Strasbourg The yellow and green rose, and the pink rock, The chestnuts blooming, the cobblestone square, Our Lady's tower rising everywhere, Dark timbered fronts; the mechanical clock Whose rooster crows three times for Peter's flock, The Apostles, the old man's and the child's share Of time - aspire I'd say to make me stare And stop. I praise what I might otherwise mock, The locked contingencies, the stock of losses, Bright liquidity everywhere channeled, A storied cityscape of destinies Averted as when, turning, a young Turk tosses His hands in the air and my chest's pummeled, "My brother, forgive me!" and my thoughts freeze. In "Watch", Greg Miller describes a fresh purposefulness in his life and achieves a new level of poetic thinking and composition in his writing. Artfully combining the religious and secular worldviews in his own sense of human culture, Miller complicates our understanding of all three. The poems in "Watch" sift layers of natural and human history across several continents, observing paintings, archaeological digs, cityscapes, seascapes, landscapes - all in an attempt to envision a clear, grounded spiritual life.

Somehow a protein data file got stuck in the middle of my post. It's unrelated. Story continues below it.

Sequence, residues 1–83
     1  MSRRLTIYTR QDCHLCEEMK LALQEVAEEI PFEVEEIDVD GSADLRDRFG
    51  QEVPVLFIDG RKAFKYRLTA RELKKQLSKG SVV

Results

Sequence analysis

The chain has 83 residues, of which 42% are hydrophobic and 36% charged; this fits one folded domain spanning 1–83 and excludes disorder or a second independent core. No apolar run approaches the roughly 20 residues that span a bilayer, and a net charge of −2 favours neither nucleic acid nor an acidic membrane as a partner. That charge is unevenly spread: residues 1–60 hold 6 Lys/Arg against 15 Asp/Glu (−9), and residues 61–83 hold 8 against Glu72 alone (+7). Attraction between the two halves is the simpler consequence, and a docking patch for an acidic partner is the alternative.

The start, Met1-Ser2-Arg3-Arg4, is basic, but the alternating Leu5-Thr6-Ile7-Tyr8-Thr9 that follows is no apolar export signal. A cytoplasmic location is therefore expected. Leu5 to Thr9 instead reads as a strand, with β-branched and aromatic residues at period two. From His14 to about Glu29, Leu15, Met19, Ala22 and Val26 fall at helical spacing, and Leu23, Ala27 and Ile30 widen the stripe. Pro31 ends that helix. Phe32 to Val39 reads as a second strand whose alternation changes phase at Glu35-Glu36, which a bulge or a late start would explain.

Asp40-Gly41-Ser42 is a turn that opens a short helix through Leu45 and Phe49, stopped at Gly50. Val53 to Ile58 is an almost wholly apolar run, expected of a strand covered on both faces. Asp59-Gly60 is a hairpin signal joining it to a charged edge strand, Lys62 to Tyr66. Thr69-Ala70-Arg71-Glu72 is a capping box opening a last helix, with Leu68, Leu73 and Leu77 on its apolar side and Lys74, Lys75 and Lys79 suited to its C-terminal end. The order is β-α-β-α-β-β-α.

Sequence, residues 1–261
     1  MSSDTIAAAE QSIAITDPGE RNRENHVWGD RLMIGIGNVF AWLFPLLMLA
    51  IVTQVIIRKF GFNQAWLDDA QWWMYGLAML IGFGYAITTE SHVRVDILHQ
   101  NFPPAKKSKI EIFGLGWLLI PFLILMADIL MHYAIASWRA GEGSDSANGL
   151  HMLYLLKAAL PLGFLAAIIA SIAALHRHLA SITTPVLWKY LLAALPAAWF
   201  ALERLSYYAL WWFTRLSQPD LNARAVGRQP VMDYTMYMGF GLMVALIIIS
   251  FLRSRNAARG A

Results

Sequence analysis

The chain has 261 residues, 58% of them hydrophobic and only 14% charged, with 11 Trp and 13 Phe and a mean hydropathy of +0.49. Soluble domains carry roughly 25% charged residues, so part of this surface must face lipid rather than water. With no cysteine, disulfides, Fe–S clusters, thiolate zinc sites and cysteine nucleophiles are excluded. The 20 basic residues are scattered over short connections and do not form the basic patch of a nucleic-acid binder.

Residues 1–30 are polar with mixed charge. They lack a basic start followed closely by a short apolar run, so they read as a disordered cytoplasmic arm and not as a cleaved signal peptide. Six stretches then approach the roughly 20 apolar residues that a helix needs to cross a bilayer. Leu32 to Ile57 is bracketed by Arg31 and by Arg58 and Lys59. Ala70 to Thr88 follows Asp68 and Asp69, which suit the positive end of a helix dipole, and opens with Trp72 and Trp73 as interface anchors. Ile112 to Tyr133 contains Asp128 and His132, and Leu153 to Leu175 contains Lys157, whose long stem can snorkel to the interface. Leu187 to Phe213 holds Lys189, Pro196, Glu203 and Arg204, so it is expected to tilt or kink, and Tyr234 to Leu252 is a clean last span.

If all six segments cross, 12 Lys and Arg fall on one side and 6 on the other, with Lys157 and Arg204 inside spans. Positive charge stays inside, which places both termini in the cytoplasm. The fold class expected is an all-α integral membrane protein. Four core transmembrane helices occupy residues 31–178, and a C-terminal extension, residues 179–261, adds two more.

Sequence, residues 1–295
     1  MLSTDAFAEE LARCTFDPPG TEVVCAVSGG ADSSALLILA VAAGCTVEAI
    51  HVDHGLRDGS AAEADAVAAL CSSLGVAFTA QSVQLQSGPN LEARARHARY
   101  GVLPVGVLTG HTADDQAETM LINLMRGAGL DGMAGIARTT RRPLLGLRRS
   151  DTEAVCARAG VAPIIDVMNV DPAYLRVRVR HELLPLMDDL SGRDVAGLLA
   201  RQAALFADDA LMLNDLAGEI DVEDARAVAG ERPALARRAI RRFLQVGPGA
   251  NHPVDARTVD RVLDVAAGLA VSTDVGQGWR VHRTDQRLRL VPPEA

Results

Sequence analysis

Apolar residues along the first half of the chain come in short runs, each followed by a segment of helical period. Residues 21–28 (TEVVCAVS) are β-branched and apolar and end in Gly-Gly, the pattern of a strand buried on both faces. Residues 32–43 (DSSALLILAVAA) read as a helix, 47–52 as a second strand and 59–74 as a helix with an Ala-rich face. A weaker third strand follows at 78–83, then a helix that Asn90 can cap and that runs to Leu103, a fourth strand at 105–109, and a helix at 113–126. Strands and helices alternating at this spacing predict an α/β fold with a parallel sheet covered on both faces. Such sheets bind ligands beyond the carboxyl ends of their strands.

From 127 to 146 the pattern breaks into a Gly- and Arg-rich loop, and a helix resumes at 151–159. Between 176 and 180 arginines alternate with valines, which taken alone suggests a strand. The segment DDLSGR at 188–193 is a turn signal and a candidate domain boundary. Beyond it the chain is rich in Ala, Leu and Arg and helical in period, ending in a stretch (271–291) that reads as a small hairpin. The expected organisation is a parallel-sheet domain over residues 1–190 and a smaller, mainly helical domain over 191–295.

Employing an impressive array of traditional meters and various kinds of free verse, Miller's poems celebrate communities both invented and real.